COPPER COUNTRY MALL: HOUGHTON, MI
Sam Scholtens' Commentary
Posted September 12, 2010 (user submitted)
Serving the 11,000 residents of Houghton and Hancock, as well as 7,600 students at Michigan Tech and Finlandia universities, Copper Country Mall is the only mall within a 95-mile radius of a very small community. Despite this, it has fallen on hard times in the past decade, with no relief in sight.
Copper Country Mall opened in 1981 with about 40 tenants, anchored by Kmart, City Drug, and a two-screen theater at the west end, Spurgeon’s Department Store in the center, and JCPenney at the east end. The mall layout is a more or less a straight line with some open space and a slight jog in the middle. Entrances are at the west, center, and through JCPenney. At some point, the theater was expanded to 3 and then 5 screens and City Drug became Dunham’s Sporting Goods. Spurgeon’s closed in the early 90s; the space became Jo-Ann Fabrics, Footlocker, and a tiny, unknown third store. Sometime roughly around 2000 a freestanding OfficeMax was built east of JCPenney. Overall the mall enjoyed 20 solid years of success with both national and local retailers.
Trouble arrived in 2002 when Kmart, in bankruptcy, shut its doors. A massive wave of store closings followed. In 2004 alone, Vanity, Tradehome Shoes, Hallmark, Glik’s, Payless ShoeSource, and Sam Goody all left. Jo-Ann also closed in 2005, leaving two anchor spaces vacant. Finally, Steve & Barry’s opened in the former Kmart in November 2005. (Yes, it took up the entire 80,000 square feet!) This at least stopped the bleeding, leaving about 20 stores and a lot of labelscars.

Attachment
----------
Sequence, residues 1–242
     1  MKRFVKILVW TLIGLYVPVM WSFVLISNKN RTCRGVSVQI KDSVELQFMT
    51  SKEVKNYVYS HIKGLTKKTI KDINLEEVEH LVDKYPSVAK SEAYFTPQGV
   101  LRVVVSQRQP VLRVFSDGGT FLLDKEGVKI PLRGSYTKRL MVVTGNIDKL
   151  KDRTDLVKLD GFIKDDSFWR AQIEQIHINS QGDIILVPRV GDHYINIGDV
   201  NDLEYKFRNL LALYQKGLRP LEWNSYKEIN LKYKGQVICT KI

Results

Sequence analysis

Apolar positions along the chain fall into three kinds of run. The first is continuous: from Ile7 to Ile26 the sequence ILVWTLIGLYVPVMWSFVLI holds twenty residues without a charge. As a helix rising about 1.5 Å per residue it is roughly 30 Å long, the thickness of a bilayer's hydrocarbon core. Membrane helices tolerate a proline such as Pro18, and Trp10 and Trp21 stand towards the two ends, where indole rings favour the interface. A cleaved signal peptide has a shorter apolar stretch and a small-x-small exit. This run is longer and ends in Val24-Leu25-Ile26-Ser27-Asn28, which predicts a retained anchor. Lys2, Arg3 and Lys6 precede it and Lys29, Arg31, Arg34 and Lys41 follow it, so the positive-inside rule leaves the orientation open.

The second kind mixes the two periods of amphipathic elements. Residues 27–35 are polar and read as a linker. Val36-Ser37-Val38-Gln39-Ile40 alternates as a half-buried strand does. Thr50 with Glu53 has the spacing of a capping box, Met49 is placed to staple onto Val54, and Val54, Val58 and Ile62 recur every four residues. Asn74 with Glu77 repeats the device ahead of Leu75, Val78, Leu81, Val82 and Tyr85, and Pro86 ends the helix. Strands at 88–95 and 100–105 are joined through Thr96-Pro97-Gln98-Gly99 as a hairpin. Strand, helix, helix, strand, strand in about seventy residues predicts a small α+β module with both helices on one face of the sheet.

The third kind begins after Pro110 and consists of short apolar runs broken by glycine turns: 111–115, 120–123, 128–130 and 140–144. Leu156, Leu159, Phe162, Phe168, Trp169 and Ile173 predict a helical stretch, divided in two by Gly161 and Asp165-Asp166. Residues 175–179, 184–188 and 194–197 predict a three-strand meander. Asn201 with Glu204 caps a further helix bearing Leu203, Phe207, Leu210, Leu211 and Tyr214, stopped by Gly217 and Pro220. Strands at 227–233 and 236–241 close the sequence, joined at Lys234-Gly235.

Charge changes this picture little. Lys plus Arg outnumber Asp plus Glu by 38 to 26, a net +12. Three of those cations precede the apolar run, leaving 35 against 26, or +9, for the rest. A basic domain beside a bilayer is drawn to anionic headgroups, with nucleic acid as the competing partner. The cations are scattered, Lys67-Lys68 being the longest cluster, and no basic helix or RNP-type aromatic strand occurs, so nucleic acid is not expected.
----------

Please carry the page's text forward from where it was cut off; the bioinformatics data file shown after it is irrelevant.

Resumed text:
However, several factors were still working against Copper Country Mall. First, the mall is so far south of town that Houghton’s sprawl has barely reached it even today. Strip malls have popped up closer to downtown and Michigan Tech, drawing business away. Second, Walmart expanded into a 24-hour Supercenter in 2006, providing cheaper competition to the mall’s specialty stores. Third, people started turning toward the big box stores and Westwood Mall in Marquette for major purchases and holiday shopping.
In 2008, stores began closing again. Superior National Bank relocated into a new strip mall in August, where Maurices is soon planning to move as well. Also in August, the movie theater departed without warning, even before its lease expired. I can say from personal experience that 90% of anybody’s visits to the mall was to catch a movie. It was the biggest theater in Houghton-Hancock. Footlocker closed in September. Steve & Barry’s, echoing Kmart, went into bankruptcy and announced massive store closings, includingyou guessed itHoughton. Despite being in a college town, it was never a big draw.
Copper Country Mall is becoming quite an eyesore. It appears to still have its original 80s décordull gray walls, brown tile floors, no fountains, and little plant life. Most vacant storefronts still stand minus sign and furnishings, a couple not even closed off. What little is left is surprisingly well maintained. However, the store directories have not been updated in over a year.
After Steve & Barry’s and Maurices leave, all that will remain are Dunham’s and A&W Hot Dogs & More in the west wing, JCPenney in the east wing, and about 10 stores huddled around the center entrance. (OfficeMax is also still open.) Today it is rare to see 40 cars in the parking lot. I’ve heard speculation that Developers Diversified Realty has been an absentee landlord for a while, keeping the mall open only for tax purposes. They haven’t announced any plans, so it is safe to assume that the CC Mall will sit as-is over the next few years, with the last dozen tenants leaving one by one.
http://www.coppercountrymall.com/ - The mall’s website, which is a few months out-of-date
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